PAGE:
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Texas criminal code up for revision

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Amarillo, TX -- Criminal procedure in Texas is inefficient and convoluted, according to some state lawmakers.  So now legislators are planning a total overhaul of the code from top to bottom.

The Texas Code of Criminal Procedure was established in 1865, and has been amended every two years since 1961, making for an exceedingly complex document. 

Earlier this week, House Speaker Joe Straus created a committee tasked with reviewing criminal procedure in Texas and recommending revisions in the name of efficiency.   The House Select Committee on Criminal Procedure Reform plans to comb through the code in its entirety and make recommendations to revise and simplify it.

"I'm all for a review process that honestly looks at whether the individual who was convicted received a fair trial or not," says Randall County District Attorney James Farren.  "And if he or she didn't, let's re-try the case; that's fine - but it shouldn't take 10, 15, 20 years to do that."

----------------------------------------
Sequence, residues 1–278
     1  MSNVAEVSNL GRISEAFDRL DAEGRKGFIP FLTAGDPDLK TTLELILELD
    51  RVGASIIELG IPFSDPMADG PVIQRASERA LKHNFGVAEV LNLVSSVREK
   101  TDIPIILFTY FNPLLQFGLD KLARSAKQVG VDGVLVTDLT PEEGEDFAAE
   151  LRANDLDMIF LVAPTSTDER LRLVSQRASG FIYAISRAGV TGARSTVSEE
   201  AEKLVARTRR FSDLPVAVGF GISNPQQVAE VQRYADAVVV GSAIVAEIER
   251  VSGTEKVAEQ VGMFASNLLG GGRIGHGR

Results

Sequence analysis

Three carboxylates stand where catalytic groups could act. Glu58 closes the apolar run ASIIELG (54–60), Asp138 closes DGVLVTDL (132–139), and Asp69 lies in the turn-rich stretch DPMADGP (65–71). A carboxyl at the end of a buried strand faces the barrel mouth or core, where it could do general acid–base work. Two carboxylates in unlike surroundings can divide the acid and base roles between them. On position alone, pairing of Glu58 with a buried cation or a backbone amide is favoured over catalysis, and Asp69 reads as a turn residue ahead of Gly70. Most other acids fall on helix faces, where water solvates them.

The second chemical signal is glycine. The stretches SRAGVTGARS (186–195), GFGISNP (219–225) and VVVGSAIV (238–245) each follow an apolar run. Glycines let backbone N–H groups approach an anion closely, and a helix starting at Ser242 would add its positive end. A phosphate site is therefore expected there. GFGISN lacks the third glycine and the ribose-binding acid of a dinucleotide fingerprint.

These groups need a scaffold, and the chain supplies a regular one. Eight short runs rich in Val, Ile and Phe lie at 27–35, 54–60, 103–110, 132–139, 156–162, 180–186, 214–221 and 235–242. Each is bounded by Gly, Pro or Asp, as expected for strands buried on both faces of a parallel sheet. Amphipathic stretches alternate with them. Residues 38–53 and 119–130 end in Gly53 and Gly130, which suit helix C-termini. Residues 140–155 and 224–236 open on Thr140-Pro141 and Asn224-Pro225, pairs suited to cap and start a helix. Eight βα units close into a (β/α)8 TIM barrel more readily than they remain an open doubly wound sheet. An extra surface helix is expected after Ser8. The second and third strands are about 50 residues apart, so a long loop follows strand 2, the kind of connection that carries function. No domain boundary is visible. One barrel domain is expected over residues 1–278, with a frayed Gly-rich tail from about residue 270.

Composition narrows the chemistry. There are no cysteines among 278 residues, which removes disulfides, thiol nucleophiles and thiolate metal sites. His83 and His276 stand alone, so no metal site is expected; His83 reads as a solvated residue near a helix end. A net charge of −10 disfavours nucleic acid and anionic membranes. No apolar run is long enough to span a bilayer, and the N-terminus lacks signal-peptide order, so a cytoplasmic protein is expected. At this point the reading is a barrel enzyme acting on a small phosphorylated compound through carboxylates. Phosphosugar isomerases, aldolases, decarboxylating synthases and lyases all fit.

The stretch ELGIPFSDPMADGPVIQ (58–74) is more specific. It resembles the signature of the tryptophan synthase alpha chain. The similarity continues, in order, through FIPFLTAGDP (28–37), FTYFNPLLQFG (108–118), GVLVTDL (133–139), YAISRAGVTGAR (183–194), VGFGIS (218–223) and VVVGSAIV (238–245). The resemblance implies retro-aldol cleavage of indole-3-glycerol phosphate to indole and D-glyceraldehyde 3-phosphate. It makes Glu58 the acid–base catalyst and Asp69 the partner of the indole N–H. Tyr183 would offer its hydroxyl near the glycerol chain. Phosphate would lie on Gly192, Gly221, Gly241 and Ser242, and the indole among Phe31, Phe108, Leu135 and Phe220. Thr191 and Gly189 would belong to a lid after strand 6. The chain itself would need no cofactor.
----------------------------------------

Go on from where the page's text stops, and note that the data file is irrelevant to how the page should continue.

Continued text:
Some defense attorneys are concerned that paring down the code itself could in turn pare down civil rights, as Jeff Blackburn of the Innocence Project of Texas argues, "Streamlining is not the answer when we've got a system as deeply flawed as ours is. We don't have a system that's good enough to justify cutting people off from having their cases re-heard."

The formation of the committee comes on the heels of a proposed piece of legislation that would simplify the appeals process in cases where science has changed since the conviction.

"There are a lot of people in prison right now who were put there because of faulty and flawed so-called scientific testimony," contends Blackburn.  "But now we believe that if they got a new hearing and a new trial, they would be acquitted."

Prosecutors say adding more law isn't the answer, as Farren says, "I would love to see a system that reviews our trials, our litigation, in a more efficient way - it takes less time to do it. But to suggest that we need whole new laws just because of changes in science, I think is fixing something that's not broken."

Legislators expect a total rewrite of the Texas Code of Criminal Procedure to take about two years.

If you'd like a little more perspective, or to learn more about the new committee, follow the links attached to this story.

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